Some users of Cyanogenmod 12.1 have noticed poor battery life. Recently I encountered this, learned what was causing it and how to fix it. Posting this may help others.
My phone is a Galaxy Note 2 running Cyanogenmod 12.1 nightly build dated Nov 11 2015, but this problem has been reported across a variety of different phones. The GN2 has a big 3100 mAH battery and still makes it through the day despite this bug, but just barely. With this bug fixed, the battery lasts more than twice as long.
Short battery life, phone is always warm when I pick it up, Android’s battery usage screen shows a lot of CPU time spent in Android OS, and the battery life history details (when you touch the battery % graph) shows the device is almost always awake, even when the screen is off and it should be asleep.
If you Google this you can find a more detailed explanation; here is a summary.
The root cause is not in Cyanogenmod, but in Google Apps. The service called Google Play Services uses another service called SystemUpdateService. The notifies the device when a system update is available. This is used mainly by device manufacturers, not by ROMs like Cyanogenmod. The bug is in the Google Play service. It takes a wake lock before checking SystemUpdateService, and if it encounters an error during that check it never releases the wake lock. Basically, some Google programmer didn’t use a try..finally block to ensure the lock is always released. This surely violates Google’s coding standards, but stuff happens – sometimes bugs sneak past code review.
I know of 3 ways to solve this. The first didn’t work well for me, but the latter two did.
One solution is to use Cyanogenmod’s Privacy Guard feature to deny wakelocks Google Play Services. This used to work well, but not any more. The current versions of Google Play Services crash when denied the wake lock, which throws a system modal dialog saying Google Play Services has stopped. This re-appears every 5 seconds or so, making the device completely unusable! Yet another violation of Google’s coding standards – if your app can’t get a resource it wants, handle it! Don’t crash and throw a system modal dialog for something as trivial as this.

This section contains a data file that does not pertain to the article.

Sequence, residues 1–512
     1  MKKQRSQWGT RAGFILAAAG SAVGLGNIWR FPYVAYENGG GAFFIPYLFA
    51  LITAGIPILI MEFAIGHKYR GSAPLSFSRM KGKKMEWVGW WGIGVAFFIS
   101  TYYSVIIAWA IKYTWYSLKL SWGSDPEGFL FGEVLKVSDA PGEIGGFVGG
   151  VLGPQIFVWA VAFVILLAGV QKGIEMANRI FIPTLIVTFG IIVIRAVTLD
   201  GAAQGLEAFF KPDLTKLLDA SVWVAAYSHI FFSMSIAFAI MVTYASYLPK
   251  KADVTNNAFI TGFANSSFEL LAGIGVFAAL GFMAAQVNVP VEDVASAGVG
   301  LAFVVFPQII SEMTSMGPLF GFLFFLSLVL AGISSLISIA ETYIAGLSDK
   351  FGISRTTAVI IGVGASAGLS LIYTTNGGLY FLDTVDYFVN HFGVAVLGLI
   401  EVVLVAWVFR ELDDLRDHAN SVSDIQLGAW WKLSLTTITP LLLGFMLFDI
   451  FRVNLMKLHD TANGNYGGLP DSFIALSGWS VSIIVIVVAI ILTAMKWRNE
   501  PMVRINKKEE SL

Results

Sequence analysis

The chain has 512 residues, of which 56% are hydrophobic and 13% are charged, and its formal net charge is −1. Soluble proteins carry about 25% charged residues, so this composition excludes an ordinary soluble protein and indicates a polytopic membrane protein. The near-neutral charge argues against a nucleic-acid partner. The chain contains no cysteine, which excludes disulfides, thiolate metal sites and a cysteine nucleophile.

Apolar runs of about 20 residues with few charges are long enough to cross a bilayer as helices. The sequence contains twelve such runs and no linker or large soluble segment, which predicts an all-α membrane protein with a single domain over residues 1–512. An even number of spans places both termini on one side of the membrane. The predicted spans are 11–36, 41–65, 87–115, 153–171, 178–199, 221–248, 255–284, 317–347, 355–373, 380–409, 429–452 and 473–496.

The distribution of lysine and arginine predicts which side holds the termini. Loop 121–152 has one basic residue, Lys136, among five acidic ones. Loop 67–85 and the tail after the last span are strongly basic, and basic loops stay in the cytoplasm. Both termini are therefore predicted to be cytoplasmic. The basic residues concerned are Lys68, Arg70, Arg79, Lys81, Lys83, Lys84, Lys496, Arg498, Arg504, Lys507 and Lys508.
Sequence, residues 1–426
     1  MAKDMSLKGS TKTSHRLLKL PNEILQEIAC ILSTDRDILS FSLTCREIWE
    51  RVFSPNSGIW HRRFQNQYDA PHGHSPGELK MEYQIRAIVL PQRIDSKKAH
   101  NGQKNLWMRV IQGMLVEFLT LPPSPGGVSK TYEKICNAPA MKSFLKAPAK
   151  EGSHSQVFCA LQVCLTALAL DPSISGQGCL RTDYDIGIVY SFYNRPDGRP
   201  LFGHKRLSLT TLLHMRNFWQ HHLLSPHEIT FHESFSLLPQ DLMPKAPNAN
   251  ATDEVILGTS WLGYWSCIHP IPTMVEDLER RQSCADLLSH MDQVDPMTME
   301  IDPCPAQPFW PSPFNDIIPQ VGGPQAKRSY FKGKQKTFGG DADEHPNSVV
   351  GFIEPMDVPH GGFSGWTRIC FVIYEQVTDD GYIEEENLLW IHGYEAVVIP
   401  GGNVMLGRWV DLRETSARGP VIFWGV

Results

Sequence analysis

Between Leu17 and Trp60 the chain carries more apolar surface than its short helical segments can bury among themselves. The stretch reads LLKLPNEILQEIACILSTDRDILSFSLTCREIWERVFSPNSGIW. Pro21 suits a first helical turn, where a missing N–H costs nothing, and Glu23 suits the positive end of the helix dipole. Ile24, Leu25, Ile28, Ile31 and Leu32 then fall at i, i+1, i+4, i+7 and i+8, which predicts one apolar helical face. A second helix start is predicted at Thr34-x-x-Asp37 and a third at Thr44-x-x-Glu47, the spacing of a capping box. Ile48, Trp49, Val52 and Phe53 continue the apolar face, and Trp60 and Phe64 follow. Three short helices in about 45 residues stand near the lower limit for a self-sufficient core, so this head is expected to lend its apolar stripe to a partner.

Another solution is to turn on SystemUpdateService, so Google Play Services no longer fails when it tries to use it, and because it doesn’t fail, it follows the “happy” code path which releases the wake lock it acquired. You might ask, why isn’t this service running already? ROMs like Cyanogenmod don’t use it and usually turn it off to save RAM and battery. If your phone is rooted, you can enable it with this command:
su -c ‘pm enable com.google.android.gms/.update.SystemUpdateService’
NOTE: You might try enabling SystemUpdateService with an app like Disable Service, but I could not because this service never shows up in the list. The above command works whether or not the service appears in the list.
You’ll need to do this every time you boot your phone. You can use apps like Tasker to do that automatically.
The third solution is to prevent Google Play Services from connecting to SystemUpdateService. Apparently, if it can’t connect, it exits cleanly without leaking the wake lock. Yet if tries to connect but the service isn’t running, it does leak the wake lock. In this solution, you can leave SystemUpdateService disabled, which may save a little RAM and battery. The way I do this is with an app called Disable Service. Run the app, select the System tab, select Google Play services, scroll down the list of services it uses (there are hundreds!) to SystemUpdateService, and uncheck it – it will turn red.
You’ll need to do this every time you boot your phone. I haven’t yet found a way to automate it.
Final Note: Google, fix this @#!$%* bug in the Google Play Service! It’s been known for at least a year!!!